Raising Steam
February 25, 2024 1:41 PM - Subscribe

All Aboard! The steam engine has come to Discworld, and with it the prototype locomotive known as Iron Girder. It's new! It's flashy! It's noisy! It's smoky! It can get seafood from Quirm to Ankh-Morpork while it's still worth eating! It can easily kill you if things go wrong! It can let you work in Ankh-Morpork while living elsewhere! And it signals undeniable, major social changes for anywhere the tracks can get to. Moist von Lipwig has handled a lot of dangerous enterprises in his life, but he's never had to take on Dwarven terrorists before now... (Industrial Revolution #7, Discworld #40) By Terry Pratchett.

Hello hello hello and welcome to the FINAL installment of the Discworld Book Club! Or is it?! It seems that I actually never got around to covering the Terry Pratchett/Paul Kidby graphic novel The Last Hero. I'm not sure when I'll get around to it, to be honest, but sometime in the future there may be a little lagniappe of Discworld Book Club for us all.

Previously:
The Color of Magic
The Light Fantastic
Equal Rites
Mort
Sourcery
Wyrd Sisters
Pyramids
Guards! Guards!
Eric
Moving Pictures
Reaper Man
Witches Abroad
Small Gods
Lords and Ladies
Men At Arms
Soul Music
Interesting Times
Maskerade
Feet of Clay
Hogfather
Jingo
The Last Continent
Carpe Jugulum
The Fifth Elephant
The Truth
Thief of Time
The Amazing Maurice and his Educated Rodents
Night Watch
The Wee Free Men
Monstrous Regiment
A Hat Full of Sky
Going Postal
Thud!
Wintersmith
Making Money
Unseen Academicals
Snuff
I Shall Wear Midnight
The Shepherd's Crown


--------------------

Years ago, on the plains up near the Ramtops (during the events of Reaper Man) a tinkerer named Ned Simnel invented a combination harvester that horrified Death himself. The Combine never saw widespread use, but in the time since then, Ned managed to blow himself up attempting to create an engine that would run on steam.

Not to be deterred, his son Dick Simnel became obsessed with seeing his late father's vision through, and his distraught mother gave him the family's piratically-earned legacy in order to make sure he was educated enough to survive trying. And now, whether the Disc is ready for it or not, the first Steam Engine Locomotive has arrived.

Her name - and she is definitely a she, everybody agrees - is Iron Girder. At first a popular curiosity, Dick continues to tinker with her, upgrading and perfecting her as he teams up with waste management magnate Harry King (who would really like to leave his descendants a nobler-sounding legacy of their own) to create the Hygienic Railway Company.

Lord Vetinari, the kind of tyrant who knows better than to try to hold back a glacier, assigns former con-man Moist von Lipwig, currently of the Ankh-Morpork Post Office, Mint, and Royal Bank, to represent the city's interests in the building of the rail system. First to Sto-Lat (where Simnel's workshop is), then to Quirm (Ankh-Morpork's closest significant neighbor, and crucially where their food comes from) and eventually (though not as eventually as would seem sensible) to Überwald, the far-flung homeland of Dwarves, Trolls, Werewolves and Vampires, described not long ago as not being a country so much as what you get before countries. And that's not even getting into how impassable the terrain is.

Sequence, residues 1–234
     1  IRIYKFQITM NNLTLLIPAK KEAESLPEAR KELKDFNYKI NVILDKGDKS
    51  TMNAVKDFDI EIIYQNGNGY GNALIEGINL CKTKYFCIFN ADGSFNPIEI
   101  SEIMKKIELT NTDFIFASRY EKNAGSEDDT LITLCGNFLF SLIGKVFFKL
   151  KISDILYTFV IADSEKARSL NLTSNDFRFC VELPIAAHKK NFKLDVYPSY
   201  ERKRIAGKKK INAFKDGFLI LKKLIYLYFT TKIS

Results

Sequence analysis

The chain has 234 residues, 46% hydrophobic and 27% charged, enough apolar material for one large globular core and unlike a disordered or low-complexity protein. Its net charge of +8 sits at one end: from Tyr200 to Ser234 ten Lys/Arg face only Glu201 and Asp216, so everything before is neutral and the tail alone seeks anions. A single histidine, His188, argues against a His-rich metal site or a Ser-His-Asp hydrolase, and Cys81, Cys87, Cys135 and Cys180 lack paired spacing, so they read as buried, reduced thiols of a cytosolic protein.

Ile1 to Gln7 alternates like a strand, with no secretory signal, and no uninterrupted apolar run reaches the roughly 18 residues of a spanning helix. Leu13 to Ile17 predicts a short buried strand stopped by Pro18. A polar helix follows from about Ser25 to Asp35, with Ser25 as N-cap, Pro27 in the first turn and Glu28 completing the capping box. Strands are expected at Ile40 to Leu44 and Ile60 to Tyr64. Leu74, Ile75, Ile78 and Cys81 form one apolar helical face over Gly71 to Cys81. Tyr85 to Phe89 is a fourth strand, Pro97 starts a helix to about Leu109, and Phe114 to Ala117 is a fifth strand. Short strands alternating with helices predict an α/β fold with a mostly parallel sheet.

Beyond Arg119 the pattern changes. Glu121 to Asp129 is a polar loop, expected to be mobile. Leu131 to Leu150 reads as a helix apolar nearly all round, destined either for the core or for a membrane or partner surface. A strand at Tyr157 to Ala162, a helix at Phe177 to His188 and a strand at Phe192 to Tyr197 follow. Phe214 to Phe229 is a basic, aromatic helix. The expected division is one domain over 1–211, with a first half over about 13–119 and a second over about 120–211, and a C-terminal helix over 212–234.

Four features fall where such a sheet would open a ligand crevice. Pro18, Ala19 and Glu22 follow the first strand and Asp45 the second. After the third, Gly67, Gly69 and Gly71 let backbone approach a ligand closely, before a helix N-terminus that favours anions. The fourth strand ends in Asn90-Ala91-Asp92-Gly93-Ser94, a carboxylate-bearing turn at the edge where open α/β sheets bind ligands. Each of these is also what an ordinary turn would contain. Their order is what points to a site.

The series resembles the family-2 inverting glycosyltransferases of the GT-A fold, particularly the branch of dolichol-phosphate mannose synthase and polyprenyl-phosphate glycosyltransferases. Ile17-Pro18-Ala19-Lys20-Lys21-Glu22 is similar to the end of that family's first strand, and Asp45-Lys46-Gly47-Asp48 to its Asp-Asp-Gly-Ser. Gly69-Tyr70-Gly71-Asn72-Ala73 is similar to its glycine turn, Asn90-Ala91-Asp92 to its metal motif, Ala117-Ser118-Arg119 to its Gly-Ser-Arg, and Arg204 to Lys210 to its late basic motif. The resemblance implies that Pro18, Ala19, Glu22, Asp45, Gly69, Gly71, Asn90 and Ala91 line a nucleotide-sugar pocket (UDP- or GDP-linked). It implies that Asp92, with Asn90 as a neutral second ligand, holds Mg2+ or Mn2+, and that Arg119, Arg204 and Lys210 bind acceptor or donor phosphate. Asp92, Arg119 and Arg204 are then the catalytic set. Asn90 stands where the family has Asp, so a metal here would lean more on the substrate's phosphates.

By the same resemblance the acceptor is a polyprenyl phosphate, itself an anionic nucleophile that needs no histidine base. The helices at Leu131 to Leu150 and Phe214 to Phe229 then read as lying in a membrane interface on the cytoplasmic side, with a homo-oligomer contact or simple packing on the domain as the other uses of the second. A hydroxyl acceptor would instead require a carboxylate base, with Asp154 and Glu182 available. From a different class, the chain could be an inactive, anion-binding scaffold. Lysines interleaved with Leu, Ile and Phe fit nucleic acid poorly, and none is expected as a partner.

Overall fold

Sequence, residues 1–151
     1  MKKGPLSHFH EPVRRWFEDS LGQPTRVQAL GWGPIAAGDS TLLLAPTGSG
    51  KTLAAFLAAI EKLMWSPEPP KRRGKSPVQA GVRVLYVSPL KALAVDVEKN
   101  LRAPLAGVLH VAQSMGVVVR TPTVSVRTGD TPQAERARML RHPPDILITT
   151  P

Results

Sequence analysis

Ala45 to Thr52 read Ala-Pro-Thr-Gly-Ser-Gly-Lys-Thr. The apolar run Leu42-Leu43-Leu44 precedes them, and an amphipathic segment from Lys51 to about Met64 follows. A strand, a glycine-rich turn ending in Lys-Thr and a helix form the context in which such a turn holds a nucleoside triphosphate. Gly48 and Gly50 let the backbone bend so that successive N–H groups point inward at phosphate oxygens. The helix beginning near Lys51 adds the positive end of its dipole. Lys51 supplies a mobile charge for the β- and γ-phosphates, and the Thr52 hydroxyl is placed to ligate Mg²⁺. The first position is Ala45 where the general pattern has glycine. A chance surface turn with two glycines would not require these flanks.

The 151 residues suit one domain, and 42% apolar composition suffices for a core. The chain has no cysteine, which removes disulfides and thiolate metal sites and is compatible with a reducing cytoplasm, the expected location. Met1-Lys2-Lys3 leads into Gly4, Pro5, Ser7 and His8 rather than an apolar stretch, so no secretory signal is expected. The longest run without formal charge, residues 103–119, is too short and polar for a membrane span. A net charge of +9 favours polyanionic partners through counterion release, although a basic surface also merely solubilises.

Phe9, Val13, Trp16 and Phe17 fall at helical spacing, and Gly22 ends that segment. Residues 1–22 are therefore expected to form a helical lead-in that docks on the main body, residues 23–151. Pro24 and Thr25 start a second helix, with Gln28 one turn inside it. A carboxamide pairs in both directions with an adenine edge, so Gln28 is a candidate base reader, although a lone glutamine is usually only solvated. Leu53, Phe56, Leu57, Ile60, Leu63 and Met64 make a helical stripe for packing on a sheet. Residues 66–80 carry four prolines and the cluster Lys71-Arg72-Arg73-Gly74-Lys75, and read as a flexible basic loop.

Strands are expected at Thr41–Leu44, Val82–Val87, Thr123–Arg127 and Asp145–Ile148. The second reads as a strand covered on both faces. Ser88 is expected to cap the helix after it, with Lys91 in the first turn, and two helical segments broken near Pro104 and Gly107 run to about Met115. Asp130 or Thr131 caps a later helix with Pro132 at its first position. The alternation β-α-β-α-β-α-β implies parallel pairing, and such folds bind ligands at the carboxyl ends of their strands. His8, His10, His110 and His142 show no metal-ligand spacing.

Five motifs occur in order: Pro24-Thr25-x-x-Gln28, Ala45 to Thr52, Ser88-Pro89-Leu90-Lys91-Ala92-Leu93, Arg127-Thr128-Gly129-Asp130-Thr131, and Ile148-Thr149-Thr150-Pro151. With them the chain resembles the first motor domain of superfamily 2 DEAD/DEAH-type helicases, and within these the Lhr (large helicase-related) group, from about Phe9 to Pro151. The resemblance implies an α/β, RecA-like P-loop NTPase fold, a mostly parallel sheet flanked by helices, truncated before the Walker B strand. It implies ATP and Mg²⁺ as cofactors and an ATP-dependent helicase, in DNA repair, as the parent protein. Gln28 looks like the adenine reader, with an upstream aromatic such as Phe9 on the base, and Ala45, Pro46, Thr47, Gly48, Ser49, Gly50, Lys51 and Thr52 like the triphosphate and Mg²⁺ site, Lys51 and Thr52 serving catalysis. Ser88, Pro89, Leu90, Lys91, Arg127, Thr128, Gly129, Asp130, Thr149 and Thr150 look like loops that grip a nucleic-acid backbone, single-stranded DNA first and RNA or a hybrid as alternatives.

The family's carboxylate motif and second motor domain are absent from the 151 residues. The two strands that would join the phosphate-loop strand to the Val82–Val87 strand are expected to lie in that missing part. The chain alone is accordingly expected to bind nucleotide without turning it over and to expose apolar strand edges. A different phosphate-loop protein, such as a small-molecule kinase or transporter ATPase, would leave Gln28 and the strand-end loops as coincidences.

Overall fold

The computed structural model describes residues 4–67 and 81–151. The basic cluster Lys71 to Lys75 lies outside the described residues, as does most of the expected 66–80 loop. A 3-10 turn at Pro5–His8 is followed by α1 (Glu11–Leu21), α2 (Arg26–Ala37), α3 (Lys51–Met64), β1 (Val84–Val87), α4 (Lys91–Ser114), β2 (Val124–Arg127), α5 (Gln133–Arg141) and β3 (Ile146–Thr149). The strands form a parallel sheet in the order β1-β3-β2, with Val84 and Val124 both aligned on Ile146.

While Moist's talent for greasing all manner of wheels certainly comes in handy in this endeavor, what really makes the new railway possible at all is the degree to which Ankh-Morpork - and the rest of the Disc - has changed since we first met this world. Dwarves and Trolls are not only at peace for the first time since anyone can remember, but both are accepted in society as just, well, people now, and can bring their cultural knowledge and innate talents to the table. And while Goblins are still on the path to gaining societal acceptance, they are now persons in the eyes of the law in Ankh-Morpork, and have a lot to offer as well.

Trouble is, there are a lot of folks, particularly the "deep down" Dwarves, or "Delvers", in line with the profoundly conservative Crags who serve as something like religious leaders in the mines beneath Überwald, who resent the hell out of all this change. They didn't want peace with the Trolls, they don't like the Clacks towers, they hate the idea of the current generations growing up with human and troll friends, for Tak's sake, and they know that when the railway arrives, life will never be the same again.

So they've started taking action. Violent action. Burning down Clacks towers and murdering teams of railway workers, that sort of thing. Moist finds himself on an official hit list, with his only comfort being that he's behind Vetinari, Harry King, and Dick Simnel on said list.

As the Hygienic Railway Company works to expand their network and make service safer and more reliable, the Delvers work on a coup to overthrow Rhys Rhysson, the Low King of the Dwarves who signed the historic Koom Valley Accords. Who is currently in Quirm, meeting with Mr. Shine, the Diamond King of Trolls.

The tracks aren't finished yet. The mountains are full of bandits as well as violent extremists. And Iron Girder has definitely taken on some sort of life of her own. Nonetheless, Vetinari has given Moist von Lipwig an absolute imperative to get the Low King to Schmaltzberg on the double.

CHOO-CHOO!
posted by Navelgazer (12 comments total) 4 users marked this as a favorite
 
So, let's get it out of the way, definitely a mixed bag here, which is unfortunate. It's very long for a Discworld novel, and while part of that is due to it covering simply more time and just stuff than the other novels have, part of it is definitely due to repetition. And while the set-up here is a good one, it's not as exciting in practice as it seems like it should be, because we're spending basically all of our time on the train itself and not where the impossible work of actually getting the tracks ready is being done.